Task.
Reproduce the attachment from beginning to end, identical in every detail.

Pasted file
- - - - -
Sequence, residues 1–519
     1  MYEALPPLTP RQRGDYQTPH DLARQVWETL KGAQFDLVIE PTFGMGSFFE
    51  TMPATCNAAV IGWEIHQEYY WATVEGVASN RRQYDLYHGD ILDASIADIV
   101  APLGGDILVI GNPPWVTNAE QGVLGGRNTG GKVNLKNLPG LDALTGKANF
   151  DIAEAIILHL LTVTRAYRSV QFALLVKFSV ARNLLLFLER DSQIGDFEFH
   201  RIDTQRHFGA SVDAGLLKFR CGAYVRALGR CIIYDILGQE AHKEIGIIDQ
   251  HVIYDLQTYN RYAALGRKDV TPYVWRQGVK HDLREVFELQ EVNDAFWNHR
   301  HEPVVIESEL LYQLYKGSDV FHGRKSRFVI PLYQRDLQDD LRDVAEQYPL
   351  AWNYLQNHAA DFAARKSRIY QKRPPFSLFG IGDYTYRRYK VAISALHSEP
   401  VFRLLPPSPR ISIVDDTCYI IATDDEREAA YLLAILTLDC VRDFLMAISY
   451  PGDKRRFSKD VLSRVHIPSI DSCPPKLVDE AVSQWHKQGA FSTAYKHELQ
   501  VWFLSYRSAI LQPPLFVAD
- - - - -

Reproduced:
Sequence, residues 1–519
     1  MYEALPPLTP RQRGDYQTPH DLARQVWETL KGAQFDLVIE PTFGMGSFFE
    51  TMPATCNAAV IGWEIHQEYY WATVEGVASN RRQYDLYHGD ILDASIADIV
   101  APLGGDILVI GNPPWVTNAE QGVLGGRNTG GKVNLKNLPG LDALTGKANF
   151  DIAEAIILHL LTVTRAYRSV QFALLVKFSV ARNLLLFLER DSQIGDFEFH
   201  RIDTQRHFGA SVDAGLLKFR CGAYVRALGR CIIYDILGQE AHKEIGIIDQ
   251  HVIYDLQTYN RYAALGRKDV TPYVWRQGVK HDLREVFELQ EVNDAFWNHR
   301  HEPVVIESEL LYQLYKGSDV FHGRKSRFVI PLYQRDLQDD LRDVAEQYPL
   351  AWNYLQNHAA DFAARKSRIY QKRPPFSLFG IGDYTYRRYK VAISALHSEP
   401  VFRLLPPSPR ISIVDDTCYI IATDDEREAA YLLAILTLDC VRDFLMAISY
   451  PGDKRRFSKD VLSRVHIPSI DSCPPKLVDE AVSQWHKQGA FSTAYKHELQ
   501  VWFLSYRSAI LQPPLFVAD